Tuesday, June 2, 2015

Examining the Origins of Abbott and Costello's Burlesque Routines: "Who's On First?" part 1

Abbott and Costello's "Who's on First?" routine can be traced back to an old vaudeville routine called "Watt Street," which was also known as "Who's the Boss?" and "The Baker Scene." Theatre critics of the day credited Weber and Fields as the originators of the routine.

Joe Weber and Lew Fields
The sort of act in which a play on words caused the comic to misunderstand what the straight man was saying came to be commonly known as a crosstalk or a cross-fire routine.  Much of the humor of the routine came from the rapid-fire delivery of the comedians.  The faster the delivery, the more the audience laughed.

Clarence Kolb and Max Dill

Weber and Fields' principal rivals, Clarence Kolb and Max Dill, also used the "Watt Street" routine as part of their act.  In January, 1908, Variety's Sime Silverman admitted to being bored to hear Kolb and Dill perform the "Watt Street" routine in their "Lonesome Town" show.  He suggested that it was time to do away with the routine because, since its debut years earlier, "hundreds did the same thing until it became so well known and monotonous ushers had to wake the audience up."

But Silverman was tired of lots of vaudeville comedy.  He complained bitterly of the "passé dialogue and obsolete knockabout."  He wrote, "Some years ago before Weber and Fields made New York believe they were funny Mr. Fields had a playful habit of kicking Mr. Weber in the stomach - or where his stomach would have been had not Weber inserted a pillow.  With every kick came a roar, and if Mr. Weber was being propelled a sufficiently long distance backwards before falling it brought a couple of roars.  It was known as 'knockabout,' an obsolete form of amusement, adopted by many in the days of long ago and now left only to the entertainment at the customary 'concert' after a circus performance."  From today's perspective, the idea of knockabout humor being declared obsolete in 1908 is ludicrous.  No matter how often Silverman and other theatre critics expressed boredom with the overly familiar "Watt Street" routine, it had no effect at all on the general public.  The complaints of theatre critics was not about to make this well-liked routine go away.  The "Watt Street" routine, with little or no change, would maintain a dominant presence in vaudeville and burlesque shows for another thirty years.

Weber wears his padded stomach proudly.

Al Raymond and Frank Caverly performed a popular rendition of the "Watt Street" routine for many years.  Their performance of the routine was singled out in reviews of their act from 1908 to 1913.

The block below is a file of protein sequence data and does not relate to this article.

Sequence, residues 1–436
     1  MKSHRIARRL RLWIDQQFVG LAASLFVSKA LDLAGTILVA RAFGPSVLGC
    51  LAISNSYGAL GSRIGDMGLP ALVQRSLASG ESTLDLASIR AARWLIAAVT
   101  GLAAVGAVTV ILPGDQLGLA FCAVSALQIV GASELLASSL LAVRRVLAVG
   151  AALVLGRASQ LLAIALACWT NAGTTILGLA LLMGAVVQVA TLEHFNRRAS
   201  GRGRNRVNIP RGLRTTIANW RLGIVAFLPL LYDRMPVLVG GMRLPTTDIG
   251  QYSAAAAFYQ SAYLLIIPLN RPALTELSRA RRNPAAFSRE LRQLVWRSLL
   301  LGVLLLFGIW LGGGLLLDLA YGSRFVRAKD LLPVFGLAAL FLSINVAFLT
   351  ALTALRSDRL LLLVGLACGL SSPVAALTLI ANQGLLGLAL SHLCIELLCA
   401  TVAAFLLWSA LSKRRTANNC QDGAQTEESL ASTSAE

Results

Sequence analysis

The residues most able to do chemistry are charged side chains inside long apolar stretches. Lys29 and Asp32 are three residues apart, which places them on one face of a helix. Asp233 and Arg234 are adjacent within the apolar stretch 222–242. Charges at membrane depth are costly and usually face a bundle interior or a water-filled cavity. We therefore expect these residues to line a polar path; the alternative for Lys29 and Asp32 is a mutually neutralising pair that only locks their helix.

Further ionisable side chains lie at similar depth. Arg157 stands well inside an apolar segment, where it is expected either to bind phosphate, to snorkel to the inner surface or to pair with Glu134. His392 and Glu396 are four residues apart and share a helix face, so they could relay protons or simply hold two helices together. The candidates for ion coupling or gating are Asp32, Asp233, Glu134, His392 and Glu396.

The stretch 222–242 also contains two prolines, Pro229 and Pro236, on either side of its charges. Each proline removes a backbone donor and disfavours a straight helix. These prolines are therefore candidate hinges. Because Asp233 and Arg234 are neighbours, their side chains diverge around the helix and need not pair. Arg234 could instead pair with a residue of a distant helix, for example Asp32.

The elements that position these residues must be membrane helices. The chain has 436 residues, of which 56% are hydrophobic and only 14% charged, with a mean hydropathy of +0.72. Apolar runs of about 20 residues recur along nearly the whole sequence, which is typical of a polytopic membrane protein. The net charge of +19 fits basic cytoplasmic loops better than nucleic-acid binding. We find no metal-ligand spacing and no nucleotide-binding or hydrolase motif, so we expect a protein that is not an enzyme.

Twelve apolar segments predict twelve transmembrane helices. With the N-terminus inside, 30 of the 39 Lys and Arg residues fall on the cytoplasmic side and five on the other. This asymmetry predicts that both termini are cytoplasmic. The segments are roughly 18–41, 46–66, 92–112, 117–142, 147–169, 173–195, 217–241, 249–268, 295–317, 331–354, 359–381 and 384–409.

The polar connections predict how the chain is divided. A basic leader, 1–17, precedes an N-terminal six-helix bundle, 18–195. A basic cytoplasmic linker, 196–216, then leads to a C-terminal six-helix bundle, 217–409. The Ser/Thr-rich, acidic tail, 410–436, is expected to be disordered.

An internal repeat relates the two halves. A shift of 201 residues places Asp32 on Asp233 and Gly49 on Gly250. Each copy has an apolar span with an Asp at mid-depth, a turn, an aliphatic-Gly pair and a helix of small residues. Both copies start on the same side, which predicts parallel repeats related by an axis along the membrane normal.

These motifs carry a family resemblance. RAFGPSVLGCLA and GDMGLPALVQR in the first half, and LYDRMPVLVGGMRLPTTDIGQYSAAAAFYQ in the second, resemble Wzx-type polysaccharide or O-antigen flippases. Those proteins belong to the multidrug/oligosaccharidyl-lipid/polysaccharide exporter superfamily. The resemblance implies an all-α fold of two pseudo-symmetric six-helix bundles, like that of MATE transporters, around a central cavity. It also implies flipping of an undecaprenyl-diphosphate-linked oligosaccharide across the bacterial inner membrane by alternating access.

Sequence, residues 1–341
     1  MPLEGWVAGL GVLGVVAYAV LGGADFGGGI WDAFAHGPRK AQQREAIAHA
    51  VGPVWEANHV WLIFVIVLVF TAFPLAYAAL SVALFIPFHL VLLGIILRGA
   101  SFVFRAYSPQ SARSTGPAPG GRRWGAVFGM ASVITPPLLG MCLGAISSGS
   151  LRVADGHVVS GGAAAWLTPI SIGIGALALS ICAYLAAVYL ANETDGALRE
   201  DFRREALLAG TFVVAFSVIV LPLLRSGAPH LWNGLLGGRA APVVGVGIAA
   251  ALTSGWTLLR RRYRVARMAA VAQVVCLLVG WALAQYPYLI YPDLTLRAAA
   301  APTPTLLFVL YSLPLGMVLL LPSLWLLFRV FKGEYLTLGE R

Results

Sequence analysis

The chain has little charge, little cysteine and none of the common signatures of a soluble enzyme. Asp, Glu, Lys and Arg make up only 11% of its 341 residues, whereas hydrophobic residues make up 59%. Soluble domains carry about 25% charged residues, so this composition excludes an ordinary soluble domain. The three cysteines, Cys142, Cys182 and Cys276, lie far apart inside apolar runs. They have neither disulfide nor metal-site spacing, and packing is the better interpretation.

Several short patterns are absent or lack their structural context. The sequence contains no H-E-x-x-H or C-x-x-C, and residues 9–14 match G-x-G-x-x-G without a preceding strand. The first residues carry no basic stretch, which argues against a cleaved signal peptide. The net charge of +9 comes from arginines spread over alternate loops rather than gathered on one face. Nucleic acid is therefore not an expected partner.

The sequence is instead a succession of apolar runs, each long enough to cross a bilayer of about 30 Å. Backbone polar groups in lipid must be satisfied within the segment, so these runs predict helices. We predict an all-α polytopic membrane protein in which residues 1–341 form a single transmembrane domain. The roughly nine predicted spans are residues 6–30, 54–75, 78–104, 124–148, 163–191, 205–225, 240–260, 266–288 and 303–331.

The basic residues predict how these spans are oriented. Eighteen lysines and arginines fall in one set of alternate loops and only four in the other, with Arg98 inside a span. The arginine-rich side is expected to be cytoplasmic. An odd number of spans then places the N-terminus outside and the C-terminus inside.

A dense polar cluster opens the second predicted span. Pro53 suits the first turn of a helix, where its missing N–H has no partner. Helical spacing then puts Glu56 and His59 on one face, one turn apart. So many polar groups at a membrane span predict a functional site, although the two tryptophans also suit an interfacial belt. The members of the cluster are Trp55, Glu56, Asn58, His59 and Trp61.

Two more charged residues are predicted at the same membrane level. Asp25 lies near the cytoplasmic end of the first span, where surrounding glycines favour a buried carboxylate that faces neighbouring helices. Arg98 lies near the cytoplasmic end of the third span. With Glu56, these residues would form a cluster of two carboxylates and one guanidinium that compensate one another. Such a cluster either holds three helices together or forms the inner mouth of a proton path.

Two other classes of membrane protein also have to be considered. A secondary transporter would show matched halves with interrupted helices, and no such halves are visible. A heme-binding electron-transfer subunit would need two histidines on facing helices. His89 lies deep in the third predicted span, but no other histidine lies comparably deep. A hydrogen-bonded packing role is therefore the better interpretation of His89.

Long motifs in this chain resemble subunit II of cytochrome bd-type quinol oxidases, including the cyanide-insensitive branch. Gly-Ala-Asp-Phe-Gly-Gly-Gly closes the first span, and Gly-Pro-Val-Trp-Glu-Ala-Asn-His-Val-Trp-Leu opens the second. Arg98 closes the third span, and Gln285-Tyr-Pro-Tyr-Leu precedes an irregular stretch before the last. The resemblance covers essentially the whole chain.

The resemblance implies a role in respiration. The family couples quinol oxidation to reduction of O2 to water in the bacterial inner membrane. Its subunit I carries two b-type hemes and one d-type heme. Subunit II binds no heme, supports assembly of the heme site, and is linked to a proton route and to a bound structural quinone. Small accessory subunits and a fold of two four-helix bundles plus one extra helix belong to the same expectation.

George M. Carson and Jacob Willard, German comedians who dressed in standard frock coats and high hats, performed the "Watt Street" routine at the Columbia theatre in March, 1914.  A Variety critic found that they brought a "new twist" to the routine that prevented the audience from being "bored to death."

Other funny names and expressions caused wordplay confusion in comedy acts.  In April, 1912, Ted and Clara Steele introduced their own variation on the "Watt Street" routine.  A Variety critic wrote, "A portion of the cross-fire is built around the phrase 'Is it?' similar to Watt street."  In September, 1915, George Richards and William Armstrong initiated a play on words talking about a man named "Goodbye."  The critic described the routine as being "something a little worse than 'Watt street.'"  Jack Mundy introduced a variation of the "Watt Street" routine in his act "The Speeders" in January, 1923.  This time, the funny name was "Hugo Tugh," which was repeatedly mistaken for the phrase "You go, too." 

In February, 1924, Bert Bertrand and Jimmy Walters essayed the "Watt Street" routine as part of a show called "Wine, Women and Song," which was staged for the Columbia circuit.

In April, 1925, Weber and Fields performed the "Watt Street" routine at the Palace Theater as part of their "Reminiscences" show.  A Variety critic wrote, "[A]fter having seen the Weber and Fields material butchered, beaten and bruised by hundreds during 25 years or more, from turkey burlesque shows to Broadway productions, it still is fresh and new and as funny as ever as these two incomparables do it."  The critic believed that, when it came to other renditions of the routine, the "lifters. . . died before they [even] started."

Harry Lang and Bernice Haley were successful with a version of the "Watt Street" routine.
Haley: "What's his name?"

Lang: "That's it."

Haley: "Well, what is it?"

Lang: "That's it. . .Watt."
Their rendition received such an enthusiastic reaction from crowds that Warner Brothers recorded the team performing the routine for the Vitaphone short Who's Who? (1930).  Lang later performed the routine opposite Billy Gilbert for a highly publicized show at the Paramount theatre in May, 1939.

Jack Mather as The Cisco Kid and Harry Lang as Pancho record The Cisco Kid Radio Show.

Additional notes

The aforementioned Raymond and Caverly headlined vaudeville bills for more than 30 years.  The team was never able to establish themselves in the film industry despite repeated attempts.  Powers Picture Plays featured the team in a 1914 short Adventures of Limburger and Schweitzer and Paramount featured the team in a 1930 short Confounded Interest.

Not everyone today sees humor in the old cross-talk routines.  Here is a sketch in which Kids and Hall emphasize the illogic of routines like "Who's On First?" and "Two Tens for a Five."

In closing, let us get a glimpse at Weber and Fields in action.

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